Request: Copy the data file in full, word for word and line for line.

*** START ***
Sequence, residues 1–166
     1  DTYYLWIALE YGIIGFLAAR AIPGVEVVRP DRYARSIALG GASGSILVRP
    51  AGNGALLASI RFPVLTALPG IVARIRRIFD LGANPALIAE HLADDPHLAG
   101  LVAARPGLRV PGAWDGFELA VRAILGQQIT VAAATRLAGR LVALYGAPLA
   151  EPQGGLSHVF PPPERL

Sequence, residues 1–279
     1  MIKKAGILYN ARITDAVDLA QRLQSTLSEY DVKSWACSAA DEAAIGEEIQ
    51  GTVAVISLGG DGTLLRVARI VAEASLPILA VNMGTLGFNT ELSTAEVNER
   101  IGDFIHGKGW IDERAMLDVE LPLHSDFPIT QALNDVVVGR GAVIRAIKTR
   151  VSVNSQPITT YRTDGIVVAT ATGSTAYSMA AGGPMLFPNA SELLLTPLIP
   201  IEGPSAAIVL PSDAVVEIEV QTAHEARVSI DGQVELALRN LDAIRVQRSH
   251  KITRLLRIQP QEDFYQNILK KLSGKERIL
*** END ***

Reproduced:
Sequence, residues 1–166
     1  DTYYLWIALE YGIIGFLAAR AIPGVEVVRP DRYARSIALG GASGSILVRP
    51  AGNGALLASI RFPVLTALPG IVARIRRIFD LGANPALIAE HLADDPHLAG
   101  LVAARPGLRV PGAWDGFELA VRAILGQQIT VAAATRLAGR LVALYGAPLA
   151  EPQGGLSHVF PPPERL

Sequence, residues 1–279
     1  MIKKAGILYN ARITDAVDLA QRLQSTLSEY DVKSWACSAA DEAAIGEEIQ
    51  GTVAVISLGG DGTLLRVARI VAEASLPILA VNMGTLGFNT ELSTAEVNER
   101  IGDFIHGKGW IDERAMLDVE LPLHSDFPIT QALNDVVVGR GAVIRAIKTR
   151  VSVNSQPITT YRTDGIVVAT ATGSTAYSMA AGGPMLFPNA SELLLTPLIP
   201  IEGPSAAIVL PSDAVVEIEV QTAHEARVSI DGQVELALRN LDAIRVQRSH
   251  KITRLLRIQP QEDFYQNILK KLSGKERIL